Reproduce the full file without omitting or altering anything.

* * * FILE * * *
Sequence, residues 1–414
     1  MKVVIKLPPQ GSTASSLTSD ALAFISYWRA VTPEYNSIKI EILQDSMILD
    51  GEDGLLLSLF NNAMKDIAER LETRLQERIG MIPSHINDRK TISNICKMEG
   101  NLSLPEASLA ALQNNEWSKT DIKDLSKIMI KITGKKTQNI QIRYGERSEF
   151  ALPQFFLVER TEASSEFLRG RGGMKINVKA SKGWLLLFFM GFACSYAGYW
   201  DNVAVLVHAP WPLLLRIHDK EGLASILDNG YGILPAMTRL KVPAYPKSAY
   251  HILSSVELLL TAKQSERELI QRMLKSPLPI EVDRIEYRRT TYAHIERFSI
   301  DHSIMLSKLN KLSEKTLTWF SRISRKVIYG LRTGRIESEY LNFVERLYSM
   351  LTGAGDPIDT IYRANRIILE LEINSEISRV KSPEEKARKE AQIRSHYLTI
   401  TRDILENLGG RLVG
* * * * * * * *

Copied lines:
Sequence, residues 1–414
     1  MKVVIKLPPQ GSTASSLTSD ALAFISYWRA VTPEYNSIKI EILQDSMILD
    51  GEDGLLLSLF NNAMKDIAER LETRLQERIG MIPSHINDRK TISNICKMEG
   101  NLSLPEASLA ALQNNEWSKT DIKDLSKIMI KITGKKTQNI QIRYGERSEF
   151  ALPQFFLVER TEASSEFLRG RGGMKINVKA SKGWLLLFFM GFACSYAGYW
   201  DNVAVLVHAP WPLLLRIHDK EGLASILDNG YGILPAMTRL KVPAYPKSAY
   251  HILSSVELLL TAKQSERELI QRMLKSPLPI EVDRIEYRRT TYAHIERFSI
   301  DHSIMLSKLN KLSEKTLTWF SRISRKVIYG LRTGRIESEY LNFVERLYSM
   351  LTGAGDPIDT IYRANRIILE LEINSEISRV KSPEEKARKE AQIRSHYLTI
   401  TRDILENLGG RLVG